It was the irrepressible Elizabeth Harris who gave me my big break as a certified organic grower all those years ago. Then as Vice President of Quinte Organic Farmers Co-operative, I approached
Elizabeth to apply for the co-op to be a vendor at her flagship organic farmers market at Riverdale Farm in Cabbagetown, . She sized up what we offered – 12 small certified organic family farms pooling their produce to market direct to the customer – and had her doubts. She was used to allowing only single farms to join her family of vendors. But she sized me up too and found something she liked or trusted, so she said “OK but as long as you bring all the farmers in to sell at your stand through the season”. “Sure”, I promised, one foot in the door. It wasn’t to be, of course; only one or two farmers bothered to come in, but the first season was a roaring success for the co-op as a fledgling sales organization. I made sure we stayed otherwise on Toronto ’s good side – as one had to – and, over several years, Elizabeth and I developed a wonderful mutual respect. I was awed by her tight control of the market, her fairness, discipline with slack vendors, her amazing vision in holding it all together and bringing people together. “Peter, I’d like you to meet Jamie Kennedy”; “Peter, can any of your farmers supply three bushels of romano beans for a dinner for 75 this Friday?” Elizabeth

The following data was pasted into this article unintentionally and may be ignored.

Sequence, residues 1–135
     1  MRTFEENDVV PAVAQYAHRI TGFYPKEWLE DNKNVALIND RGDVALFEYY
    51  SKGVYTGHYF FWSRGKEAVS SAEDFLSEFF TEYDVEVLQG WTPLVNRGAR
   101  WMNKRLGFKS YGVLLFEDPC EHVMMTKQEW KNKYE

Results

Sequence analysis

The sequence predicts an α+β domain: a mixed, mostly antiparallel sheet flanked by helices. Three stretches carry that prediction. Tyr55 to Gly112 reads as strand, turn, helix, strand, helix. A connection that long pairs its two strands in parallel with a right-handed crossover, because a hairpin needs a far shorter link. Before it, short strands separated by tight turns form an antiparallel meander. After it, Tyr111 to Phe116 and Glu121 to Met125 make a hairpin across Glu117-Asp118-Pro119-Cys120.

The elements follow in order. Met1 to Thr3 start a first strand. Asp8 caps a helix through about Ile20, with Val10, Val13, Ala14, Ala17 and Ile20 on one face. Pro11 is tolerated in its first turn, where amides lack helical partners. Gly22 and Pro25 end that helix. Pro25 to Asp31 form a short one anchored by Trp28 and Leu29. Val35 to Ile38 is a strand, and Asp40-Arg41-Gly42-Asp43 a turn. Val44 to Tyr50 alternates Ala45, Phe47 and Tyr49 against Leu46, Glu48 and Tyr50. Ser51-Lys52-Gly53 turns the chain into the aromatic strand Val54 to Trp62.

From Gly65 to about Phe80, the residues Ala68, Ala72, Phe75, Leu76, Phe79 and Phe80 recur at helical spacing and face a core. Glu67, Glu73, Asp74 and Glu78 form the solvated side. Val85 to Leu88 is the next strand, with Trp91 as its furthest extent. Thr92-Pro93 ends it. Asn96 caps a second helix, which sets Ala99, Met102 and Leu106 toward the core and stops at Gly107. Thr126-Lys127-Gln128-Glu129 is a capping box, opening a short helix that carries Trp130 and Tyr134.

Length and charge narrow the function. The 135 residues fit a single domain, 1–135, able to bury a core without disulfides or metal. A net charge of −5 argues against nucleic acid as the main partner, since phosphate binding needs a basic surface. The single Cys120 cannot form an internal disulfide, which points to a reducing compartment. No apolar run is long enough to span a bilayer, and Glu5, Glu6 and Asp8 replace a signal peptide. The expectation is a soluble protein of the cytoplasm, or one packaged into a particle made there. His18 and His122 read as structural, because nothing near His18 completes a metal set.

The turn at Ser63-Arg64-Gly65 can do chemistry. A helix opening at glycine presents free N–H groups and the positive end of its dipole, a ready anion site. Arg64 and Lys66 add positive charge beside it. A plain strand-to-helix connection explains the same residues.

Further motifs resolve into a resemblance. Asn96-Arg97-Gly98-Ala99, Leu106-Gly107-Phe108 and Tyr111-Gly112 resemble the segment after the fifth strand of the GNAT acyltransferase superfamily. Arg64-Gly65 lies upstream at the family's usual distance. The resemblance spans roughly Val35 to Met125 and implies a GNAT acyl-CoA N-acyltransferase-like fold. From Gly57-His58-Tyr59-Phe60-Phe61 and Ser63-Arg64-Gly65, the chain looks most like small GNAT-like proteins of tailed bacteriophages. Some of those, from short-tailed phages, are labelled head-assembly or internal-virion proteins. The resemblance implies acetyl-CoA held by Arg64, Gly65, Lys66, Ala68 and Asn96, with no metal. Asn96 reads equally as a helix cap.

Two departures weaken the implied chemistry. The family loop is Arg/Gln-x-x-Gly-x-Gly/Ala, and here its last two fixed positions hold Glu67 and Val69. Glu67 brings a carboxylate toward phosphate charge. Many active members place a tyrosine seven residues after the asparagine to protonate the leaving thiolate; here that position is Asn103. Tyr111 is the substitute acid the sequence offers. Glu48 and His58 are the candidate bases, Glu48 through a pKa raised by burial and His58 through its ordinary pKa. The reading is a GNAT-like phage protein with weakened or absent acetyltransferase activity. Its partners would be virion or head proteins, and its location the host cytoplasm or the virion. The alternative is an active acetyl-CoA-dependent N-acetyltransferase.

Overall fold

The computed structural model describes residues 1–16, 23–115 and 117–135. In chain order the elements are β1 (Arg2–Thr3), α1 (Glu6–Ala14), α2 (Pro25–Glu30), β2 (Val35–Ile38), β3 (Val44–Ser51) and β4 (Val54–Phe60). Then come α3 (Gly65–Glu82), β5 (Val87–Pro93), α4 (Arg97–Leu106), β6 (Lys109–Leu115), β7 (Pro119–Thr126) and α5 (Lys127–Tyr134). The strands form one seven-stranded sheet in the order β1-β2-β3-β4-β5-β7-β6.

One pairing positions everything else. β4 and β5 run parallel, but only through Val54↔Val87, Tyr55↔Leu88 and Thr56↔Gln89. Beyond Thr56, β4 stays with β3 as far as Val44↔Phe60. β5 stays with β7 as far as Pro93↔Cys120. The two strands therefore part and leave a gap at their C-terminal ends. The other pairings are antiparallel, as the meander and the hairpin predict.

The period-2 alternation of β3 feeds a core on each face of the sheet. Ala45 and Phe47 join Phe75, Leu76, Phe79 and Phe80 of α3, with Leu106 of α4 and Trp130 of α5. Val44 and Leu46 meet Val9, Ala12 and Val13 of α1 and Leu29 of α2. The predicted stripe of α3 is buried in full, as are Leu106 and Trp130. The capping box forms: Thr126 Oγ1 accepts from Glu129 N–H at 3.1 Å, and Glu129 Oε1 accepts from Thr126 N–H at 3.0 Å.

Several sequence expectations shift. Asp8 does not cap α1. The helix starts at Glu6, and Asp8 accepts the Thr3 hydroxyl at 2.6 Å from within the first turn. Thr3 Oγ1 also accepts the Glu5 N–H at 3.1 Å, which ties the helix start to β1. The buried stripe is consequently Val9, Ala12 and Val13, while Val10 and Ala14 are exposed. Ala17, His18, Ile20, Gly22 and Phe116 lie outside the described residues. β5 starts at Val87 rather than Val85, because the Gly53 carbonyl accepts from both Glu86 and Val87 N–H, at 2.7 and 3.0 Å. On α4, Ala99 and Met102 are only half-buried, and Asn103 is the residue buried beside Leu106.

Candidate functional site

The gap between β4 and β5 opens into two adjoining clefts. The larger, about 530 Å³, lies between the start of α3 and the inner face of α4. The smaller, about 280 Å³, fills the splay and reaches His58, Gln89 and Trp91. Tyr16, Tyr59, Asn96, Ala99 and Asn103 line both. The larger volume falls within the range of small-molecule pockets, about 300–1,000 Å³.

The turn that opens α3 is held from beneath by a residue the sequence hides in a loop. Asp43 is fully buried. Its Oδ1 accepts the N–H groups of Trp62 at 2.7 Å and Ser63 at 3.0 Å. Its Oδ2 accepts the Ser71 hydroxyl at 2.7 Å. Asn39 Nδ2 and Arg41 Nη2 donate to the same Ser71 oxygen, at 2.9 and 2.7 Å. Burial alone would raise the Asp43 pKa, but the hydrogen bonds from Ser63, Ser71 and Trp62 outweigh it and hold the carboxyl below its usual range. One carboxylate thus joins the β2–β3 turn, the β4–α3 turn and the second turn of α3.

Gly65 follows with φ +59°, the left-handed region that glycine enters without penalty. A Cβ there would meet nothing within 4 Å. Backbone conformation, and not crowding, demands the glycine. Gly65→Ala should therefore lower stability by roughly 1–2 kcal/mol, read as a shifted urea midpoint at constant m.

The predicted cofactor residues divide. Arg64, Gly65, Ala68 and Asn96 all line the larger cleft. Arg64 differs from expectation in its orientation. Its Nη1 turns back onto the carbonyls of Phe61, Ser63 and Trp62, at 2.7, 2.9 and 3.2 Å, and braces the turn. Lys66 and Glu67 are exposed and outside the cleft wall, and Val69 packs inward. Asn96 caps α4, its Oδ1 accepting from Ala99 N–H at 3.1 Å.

She would often call up, tell me about the latest new vendors that she was excited to have visited. She had such respect for farmers and for food produced honestly and in a fresh way. And she would ask my opinion and advice.
Early on at market, I incurred her wrath. She had strong rules and enforced them. Vendors were not allowed to sell before the bell rang, right on 3pm. As I tried to sneak in a sale for a customer who was running off to work, a booming voice bellowed from the other side of the park: “Mr. Finch, the market opens at 3 o’clock, and not before!” Last year, running late in setting up, I upheld her rule, when an impending storm told her to ring the bell early. “No, that’s not fair; I’m not ready”, I pleaded. She agreed to wait, and for weeks after, she deferred to me to see if I was ready before ringing the bell. A softening maybe? I feel deep down that she truly respected her senior farmers, and I was lucky enough to have been in that number.
It has been an honour and a privilege to know Elizabeth; hard to believe that she won’t be overseeing the action on a sunny opening day of market this Spring and that her voice won’t be greeting me across the park: “ Hi Peter, who do you have helping you today? I’d like to introduce you to… ”